“Hash Crash”
Earlier this year, the Associated Press Twitter account was hacked and sent out a falsified tweet about a bombing at the White House. The fake news event caused a real market event, dubbed the Hash Crash- a dip (and reversion) in the stock markets. But even from the start, a large proportion of overall Twitter conversation doubted the veracity of that tweet, and traditional news sources showed a different story. This disproved Tweet led to the V-shaped dip and recovery of the markets.

Social Data Examples in Financial Markets

  • Spikes in weather reports and crop prices
  • Violence in Iran and oil prices
  • Sentiment and Psychological index – fear, greed, optimism
  • Geospatial – Florida orange grove region and supply chain data

There is a great need for historical models, real time data analytics, data mining, and verification processes in the financial realm, and firms are receptive to finding these solutions.

Big Boulder is the world’s first social data conference. Follow along at #BigBoulder, on the blog under Big BoulderBig Boulder on Storify and on Gnip’s Facebook page.

Social Data in Brazil

A look at social data in Brazil with Daniel Heise, Co-Founder at Scup, and Gabriel Baños, CEO and Founder at Zauber. For more background on Gabriel, check out our previous interview with him on our blog. 

Daniel Heise and Gabriel Banos

On a global front, social media is exploding. Specifically in Brazil, Facebook has an estimated 5 million active users, Tumblr considers Brazil its second largest market, and other social networks like Twitter and LinkedIn have a huge presence. But Brazil holds a unique position based on its user behavior. With 200 million people, mobile penetration is greater than 100% due to users with multiple devices. The future of Brazil’s social data use is in the hands of it’s users.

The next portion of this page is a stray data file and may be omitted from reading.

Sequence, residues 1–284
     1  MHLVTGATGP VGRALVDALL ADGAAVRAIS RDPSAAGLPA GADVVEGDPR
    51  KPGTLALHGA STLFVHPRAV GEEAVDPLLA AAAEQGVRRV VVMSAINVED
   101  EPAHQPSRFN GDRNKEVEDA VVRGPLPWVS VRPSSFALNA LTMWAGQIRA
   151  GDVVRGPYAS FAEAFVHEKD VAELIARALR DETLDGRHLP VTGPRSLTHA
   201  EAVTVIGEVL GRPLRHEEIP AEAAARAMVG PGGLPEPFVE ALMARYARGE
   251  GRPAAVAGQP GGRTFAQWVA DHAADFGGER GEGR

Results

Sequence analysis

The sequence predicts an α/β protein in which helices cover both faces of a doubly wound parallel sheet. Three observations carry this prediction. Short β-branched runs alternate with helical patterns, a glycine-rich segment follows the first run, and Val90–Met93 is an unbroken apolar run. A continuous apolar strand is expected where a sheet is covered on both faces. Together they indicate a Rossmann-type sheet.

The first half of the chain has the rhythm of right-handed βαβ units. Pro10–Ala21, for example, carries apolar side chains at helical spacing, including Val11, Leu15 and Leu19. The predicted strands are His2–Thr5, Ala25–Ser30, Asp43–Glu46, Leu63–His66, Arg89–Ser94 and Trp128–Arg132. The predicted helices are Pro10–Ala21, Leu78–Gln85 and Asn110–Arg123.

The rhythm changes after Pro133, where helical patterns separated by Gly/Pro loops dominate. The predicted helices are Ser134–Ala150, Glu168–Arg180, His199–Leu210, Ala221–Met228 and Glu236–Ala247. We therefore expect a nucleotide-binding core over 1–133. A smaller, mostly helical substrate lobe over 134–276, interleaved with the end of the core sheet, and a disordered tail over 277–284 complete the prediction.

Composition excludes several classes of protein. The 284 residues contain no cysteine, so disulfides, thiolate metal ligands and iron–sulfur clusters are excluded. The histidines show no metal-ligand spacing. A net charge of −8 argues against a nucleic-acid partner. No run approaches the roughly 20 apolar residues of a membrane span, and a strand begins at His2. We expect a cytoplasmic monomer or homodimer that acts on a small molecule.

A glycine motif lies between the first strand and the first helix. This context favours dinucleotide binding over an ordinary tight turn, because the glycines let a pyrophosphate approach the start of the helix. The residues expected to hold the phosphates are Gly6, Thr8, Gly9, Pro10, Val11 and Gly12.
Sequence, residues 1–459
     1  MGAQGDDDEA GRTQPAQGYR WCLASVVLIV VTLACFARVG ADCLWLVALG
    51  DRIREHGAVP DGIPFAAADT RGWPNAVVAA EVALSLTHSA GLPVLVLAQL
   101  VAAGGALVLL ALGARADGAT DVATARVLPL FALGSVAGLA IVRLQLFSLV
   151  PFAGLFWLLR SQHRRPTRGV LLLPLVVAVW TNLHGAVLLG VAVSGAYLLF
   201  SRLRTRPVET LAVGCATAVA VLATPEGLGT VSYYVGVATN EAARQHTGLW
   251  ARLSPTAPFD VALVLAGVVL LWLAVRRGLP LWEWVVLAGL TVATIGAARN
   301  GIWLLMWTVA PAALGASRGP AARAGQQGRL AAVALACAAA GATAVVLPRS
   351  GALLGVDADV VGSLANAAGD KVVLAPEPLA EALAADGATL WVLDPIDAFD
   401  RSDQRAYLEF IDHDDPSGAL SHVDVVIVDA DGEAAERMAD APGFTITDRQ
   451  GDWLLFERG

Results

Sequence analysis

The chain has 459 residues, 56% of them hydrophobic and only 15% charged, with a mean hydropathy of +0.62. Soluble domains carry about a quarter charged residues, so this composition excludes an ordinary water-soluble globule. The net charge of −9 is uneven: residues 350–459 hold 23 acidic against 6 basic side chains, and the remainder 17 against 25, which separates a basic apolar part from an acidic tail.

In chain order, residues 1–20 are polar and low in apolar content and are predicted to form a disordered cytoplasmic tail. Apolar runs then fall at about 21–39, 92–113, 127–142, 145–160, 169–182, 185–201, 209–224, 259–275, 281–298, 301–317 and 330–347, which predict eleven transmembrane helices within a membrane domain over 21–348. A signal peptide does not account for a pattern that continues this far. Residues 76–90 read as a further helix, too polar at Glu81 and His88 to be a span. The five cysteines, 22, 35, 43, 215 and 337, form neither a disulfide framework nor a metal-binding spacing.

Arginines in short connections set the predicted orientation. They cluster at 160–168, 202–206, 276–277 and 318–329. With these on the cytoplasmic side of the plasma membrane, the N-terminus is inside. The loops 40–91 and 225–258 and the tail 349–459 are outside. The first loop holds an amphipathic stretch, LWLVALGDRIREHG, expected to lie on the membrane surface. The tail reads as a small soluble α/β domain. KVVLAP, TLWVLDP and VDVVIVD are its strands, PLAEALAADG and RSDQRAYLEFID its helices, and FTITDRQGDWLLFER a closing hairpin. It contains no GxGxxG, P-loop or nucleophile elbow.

Social Behavior

Daniel Heise, Co-Founder at Scup credits Brazilians for its major use of the social network, Orkut.  Owned and operated by Google, Orkut was only recently taken over by Facebook as the most used social network in Brazil. However, there is a bit of taboo around Orkut. As Daniel described, there is a phrase, becoming “Orkutized” meaning, becoming so popular, people will not want to use it. From February 2011 to now, Orkut has lost 96% of its user base, while Facebook has grown 600% in Brazil.

With new and existing social networks becoming more popular in a market of early adopters, there’s a tendency for users to jump from network to network. Gabriel Baños, CEO and Founder of Zauber, compares it to “seeing your parents at a party, so you immediately go to the next party that’s happening.”

There’s also a layer of societal hierarchy that plays into the social behavior in Brazil. For example, Twitter doesn’t have a large presence in the lower classes in Brazil.

Social and Monopolization

There’s a war affecting the social landscape in Brazil as well. Brazil’s major television company, Rede Globo, holds the monopoly when it comes to advertising. Even agencies in Brazil have had to change their models to reflect that of Rede Globo. With the ever-expanding presence of Brazilians on social networks like Facebook and Twitter, Rede Globo has gone head to head to compete for advertising dollars. They’ve even gone so far as to eliminate the consumption of Rede Globo content on these networks.